- The arrangement is agreed to by the member;
- The member relies on an appropriate rule, regulation, interpretive release, interpretive letter, or "no-action" letter issued by the Commission that applies to the specific fact situation of the arrangement;
- The receipt by associated persons of such compensation is treated as compensation received by the member for purposes of the Rules of the Association; and
- All recordkeeping requirements are satisfied. Members are required to maintain records of all compensation received by the member or its associated persons from offerors. The records shall include the names of the offerors, the names of the associated persons, the amount of cash, the nature and, if known, the value of non-cash compensation received.
No member or person associated with a member shall accept any compensation from an offeror which is in the form of securities of any kind. Also, a member may not directly or indirectly accept any compensation or offer any compensation other than as described in the prospectus, except under the following conditions:
- An occasional meal, event ticket or other entertainment that is not preconditioned on achievement of a sales goal, and is not excessive or frequent enough to appear improper
- Payment or reimbursement of expenses to attend training or educational meetings offered by a member or offeror
- Gifts that do not exceed an annual amount fixed periodically by the FINRA and that are not preconditioned on the achievement of a sales goal
Mutual Funds & ETFsThe lower the sales charge you pay, the greater your returns. Find out how to cash in.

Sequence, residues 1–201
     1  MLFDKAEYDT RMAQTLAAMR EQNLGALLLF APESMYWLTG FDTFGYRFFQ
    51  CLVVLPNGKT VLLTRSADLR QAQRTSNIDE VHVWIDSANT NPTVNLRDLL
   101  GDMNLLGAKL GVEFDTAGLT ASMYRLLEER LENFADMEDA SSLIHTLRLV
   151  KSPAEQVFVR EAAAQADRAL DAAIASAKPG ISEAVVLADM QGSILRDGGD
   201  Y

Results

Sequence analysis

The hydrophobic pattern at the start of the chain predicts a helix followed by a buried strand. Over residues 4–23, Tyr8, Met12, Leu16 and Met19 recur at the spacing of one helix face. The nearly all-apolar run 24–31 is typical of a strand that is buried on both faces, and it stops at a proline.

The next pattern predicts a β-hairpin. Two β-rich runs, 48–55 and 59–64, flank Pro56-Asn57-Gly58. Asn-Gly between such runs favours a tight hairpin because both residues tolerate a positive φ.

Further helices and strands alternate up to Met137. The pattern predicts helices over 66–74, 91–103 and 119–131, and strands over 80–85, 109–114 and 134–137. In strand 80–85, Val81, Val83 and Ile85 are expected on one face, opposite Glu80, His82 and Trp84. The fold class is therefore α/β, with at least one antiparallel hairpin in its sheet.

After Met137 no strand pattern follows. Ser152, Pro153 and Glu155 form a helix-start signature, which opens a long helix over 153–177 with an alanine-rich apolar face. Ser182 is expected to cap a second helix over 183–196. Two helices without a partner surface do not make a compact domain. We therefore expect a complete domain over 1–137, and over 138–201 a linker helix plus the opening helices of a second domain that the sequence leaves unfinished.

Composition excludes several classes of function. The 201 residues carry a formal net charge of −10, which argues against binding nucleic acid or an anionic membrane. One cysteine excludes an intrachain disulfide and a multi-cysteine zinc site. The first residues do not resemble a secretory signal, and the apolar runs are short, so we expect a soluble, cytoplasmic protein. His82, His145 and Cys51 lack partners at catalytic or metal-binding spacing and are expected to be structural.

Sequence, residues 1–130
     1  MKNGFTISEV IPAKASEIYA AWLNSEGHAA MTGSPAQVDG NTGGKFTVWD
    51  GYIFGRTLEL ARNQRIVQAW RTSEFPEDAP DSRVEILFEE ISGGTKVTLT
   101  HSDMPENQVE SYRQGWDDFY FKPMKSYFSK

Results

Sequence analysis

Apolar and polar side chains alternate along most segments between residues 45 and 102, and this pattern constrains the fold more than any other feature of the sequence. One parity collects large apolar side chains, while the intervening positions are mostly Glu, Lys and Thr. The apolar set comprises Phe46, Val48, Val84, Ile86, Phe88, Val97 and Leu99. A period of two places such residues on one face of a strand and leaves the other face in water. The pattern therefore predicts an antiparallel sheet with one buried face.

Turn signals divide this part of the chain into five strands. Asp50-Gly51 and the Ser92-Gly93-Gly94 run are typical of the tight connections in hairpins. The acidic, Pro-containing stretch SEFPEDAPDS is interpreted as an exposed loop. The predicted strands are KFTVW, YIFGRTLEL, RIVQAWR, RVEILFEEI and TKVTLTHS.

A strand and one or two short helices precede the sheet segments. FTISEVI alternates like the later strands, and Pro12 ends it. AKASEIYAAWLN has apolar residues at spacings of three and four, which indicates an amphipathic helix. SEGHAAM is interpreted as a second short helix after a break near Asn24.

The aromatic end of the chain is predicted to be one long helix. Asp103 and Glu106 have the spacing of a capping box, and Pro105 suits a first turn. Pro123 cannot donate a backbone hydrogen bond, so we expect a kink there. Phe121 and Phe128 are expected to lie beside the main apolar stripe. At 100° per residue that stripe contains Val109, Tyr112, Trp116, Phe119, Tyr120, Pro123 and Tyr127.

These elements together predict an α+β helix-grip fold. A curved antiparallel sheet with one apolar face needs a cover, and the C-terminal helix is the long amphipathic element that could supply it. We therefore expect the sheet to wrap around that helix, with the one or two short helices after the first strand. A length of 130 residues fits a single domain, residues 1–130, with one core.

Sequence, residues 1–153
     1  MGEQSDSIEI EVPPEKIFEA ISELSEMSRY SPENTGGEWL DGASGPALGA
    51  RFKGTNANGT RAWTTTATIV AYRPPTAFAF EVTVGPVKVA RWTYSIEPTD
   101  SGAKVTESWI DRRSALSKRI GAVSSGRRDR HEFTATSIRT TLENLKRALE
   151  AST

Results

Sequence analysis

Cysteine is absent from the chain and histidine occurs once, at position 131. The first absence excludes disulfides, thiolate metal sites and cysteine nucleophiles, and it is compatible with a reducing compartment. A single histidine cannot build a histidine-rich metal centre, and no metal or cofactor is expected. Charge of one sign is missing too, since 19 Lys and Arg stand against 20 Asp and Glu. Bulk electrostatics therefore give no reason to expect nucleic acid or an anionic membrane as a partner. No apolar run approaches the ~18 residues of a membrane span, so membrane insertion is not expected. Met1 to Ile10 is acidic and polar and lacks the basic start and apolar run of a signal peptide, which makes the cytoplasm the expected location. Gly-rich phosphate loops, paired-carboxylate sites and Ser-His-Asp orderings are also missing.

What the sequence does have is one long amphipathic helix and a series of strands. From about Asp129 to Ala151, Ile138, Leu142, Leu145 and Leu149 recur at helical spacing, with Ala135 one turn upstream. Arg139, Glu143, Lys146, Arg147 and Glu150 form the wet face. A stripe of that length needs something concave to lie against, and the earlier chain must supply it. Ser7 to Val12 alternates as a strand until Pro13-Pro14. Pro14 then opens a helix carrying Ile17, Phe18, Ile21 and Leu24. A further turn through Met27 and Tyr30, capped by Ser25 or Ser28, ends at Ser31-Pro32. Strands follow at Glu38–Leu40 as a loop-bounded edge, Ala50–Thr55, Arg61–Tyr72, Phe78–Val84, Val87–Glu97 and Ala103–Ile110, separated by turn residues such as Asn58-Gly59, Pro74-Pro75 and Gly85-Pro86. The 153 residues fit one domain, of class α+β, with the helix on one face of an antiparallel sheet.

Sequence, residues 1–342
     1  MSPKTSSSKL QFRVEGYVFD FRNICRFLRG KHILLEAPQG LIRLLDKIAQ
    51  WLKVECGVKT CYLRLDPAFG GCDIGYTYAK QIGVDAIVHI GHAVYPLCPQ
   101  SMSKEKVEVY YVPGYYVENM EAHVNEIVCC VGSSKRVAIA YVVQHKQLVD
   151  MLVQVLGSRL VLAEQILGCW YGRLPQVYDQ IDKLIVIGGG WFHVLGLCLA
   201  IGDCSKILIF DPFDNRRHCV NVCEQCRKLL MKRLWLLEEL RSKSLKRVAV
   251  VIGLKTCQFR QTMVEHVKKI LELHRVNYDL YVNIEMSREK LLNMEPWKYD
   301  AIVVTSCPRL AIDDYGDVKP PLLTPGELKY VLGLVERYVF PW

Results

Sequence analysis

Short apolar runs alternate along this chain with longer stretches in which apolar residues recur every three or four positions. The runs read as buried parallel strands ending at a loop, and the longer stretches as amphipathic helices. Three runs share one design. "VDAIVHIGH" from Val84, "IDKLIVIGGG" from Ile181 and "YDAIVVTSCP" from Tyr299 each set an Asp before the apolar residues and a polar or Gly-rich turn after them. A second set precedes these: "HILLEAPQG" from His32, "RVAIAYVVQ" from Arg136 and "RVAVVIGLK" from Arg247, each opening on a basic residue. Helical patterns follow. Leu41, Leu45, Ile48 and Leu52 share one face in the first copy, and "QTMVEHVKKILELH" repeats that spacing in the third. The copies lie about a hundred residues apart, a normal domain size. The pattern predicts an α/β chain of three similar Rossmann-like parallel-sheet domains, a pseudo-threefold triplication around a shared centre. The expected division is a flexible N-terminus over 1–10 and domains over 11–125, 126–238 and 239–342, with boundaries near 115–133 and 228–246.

RetirementThese tax-advantaged retirement savings plans have their pros and cons, and employers and employees must follow strict guidelines.
RetirementUnderstand the difference between a qualifying or nonqualifying deferred compensation plan. Learn about the benefits of a deferred compensation plan.
RetirementDiscover the major advantages and disadvantages offered by deferred compensation plans for retirement as compared to a 401(k) plan.
Mutual Funds & ETFsRead about the many different kinds of fees and sales charges mutual fund companies can use to generate revenue from those who invest in their shares.
ProfessionalsLearn what you need to know about the creation and components of a mutual funds to pass the Series 6 exam.
RetirementThe tax savings of non-qualified deferred compensation plans are not the only tax fact you need to know before signing up for one.
Fundamental AnalysisFind out the history of FINRA, and how it's organized to monitor the markets and protect investors.
Mutual Funds & ETFsLearn about the hidden costs that can be triggered when you redeem mutual fund shares. Even no-load funds have fees and expenses you may not know about.
ProfessionalsLearn about the history of FINRA and how this organization protects investors.
A selling group's compensation in a stock or bond underwriting ...
A commission paid by an investor on his or her investment in ...
A reduction in the amount of benefit payments received by a member ...
Compensation that is granted to upper echelon employees, directors, ...
A regulatory group that reviews documentation that is submitted ...
A person or firm in the business of buying and selling securities ...
The fees and expenses charged for investments vary. The fees usually depend on the type of investment and the investment ... Read Answer >>
... Read Answer >>
Underwriters represent the group of representatives from an investment bank whose main responsibility is to complete the ... Read Answer >>
It is common for publicly-traded corporations to provide more than just regular salary compensation to their management and ... Read Answer >>
Understand the difference between insurance underwriting and investment underwriting, including what types of risks an underwriter ... Read Answer >>
First off, understand that there is no universal system regarding trading commissions charged by brokerage firms. Some charge ... Read Answer >>